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Introducing The West Coast

What a difference a mountain range makes. Hemmed in by the wild Tasman Sea and the peaks of the Southern Alps, the West Coast (aka Westland), is like nowhere else in New Zealand.

Opposite ends of the coast have a remote end-of-the-road feel. In the north the surf-battered coast highway leads to sleepy Karamea, the preferred getaway for alternative lifestylers drawn by its isolation and surprisingly mild climate. The southern end of spectacular State Hwy 6 continues to Haast, an entrée to the excitement and awe of the surrounding wilderness.

With less than 1% of NZ’s population scattered amid almost 9% of the country’s area, West Coast locals have adapted to become a rugged and individual breed. They may not be too concerned with what’s happening in the country’s cities, but in the West Coast’s heritage pubs you’ll be guaranteed a warm welcome that’s tinged with a laconic sense of humour. Just don’t be too surprised if ‘closing time’ is viewed as a recommendation, not a directive.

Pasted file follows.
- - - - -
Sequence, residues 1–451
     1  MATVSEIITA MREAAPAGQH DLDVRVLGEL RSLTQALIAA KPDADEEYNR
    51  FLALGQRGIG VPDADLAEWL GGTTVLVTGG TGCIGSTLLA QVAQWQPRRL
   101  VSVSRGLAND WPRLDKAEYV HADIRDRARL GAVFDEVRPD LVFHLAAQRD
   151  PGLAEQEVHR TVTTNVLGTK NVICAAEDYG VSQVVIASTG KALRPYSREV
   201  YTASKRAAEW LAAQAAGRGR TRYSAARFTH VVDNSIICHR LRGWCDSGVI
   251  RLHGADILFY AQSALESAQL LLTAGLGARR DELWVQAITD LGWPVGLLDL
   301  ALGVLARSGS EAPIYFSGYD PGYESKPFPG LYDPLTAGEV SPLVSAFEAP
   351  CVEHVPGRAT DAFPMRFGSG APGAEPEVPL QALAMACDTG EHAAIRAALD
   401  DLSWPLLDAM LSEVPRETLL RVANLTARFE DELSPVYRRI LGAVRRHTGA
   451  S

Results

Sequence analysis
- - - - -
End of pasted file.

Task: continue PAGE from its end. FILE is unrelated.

The coast’s sublime scenery can be almost too popular, and during summer a phalanx of campervans and tourist buses tick off the ‘Must See’ Punakaiki Rocks and Franz Josef and Fox Glaciers. The thing is, they are truly ‘Must See’, and even if you’re sharing your glacial gaze with other Franz and Fox aficionados, it’s not too hard to return to the heartland of the West Coast in laid-back coastal hamlets such as Okarito, Granity and Jackson Bay.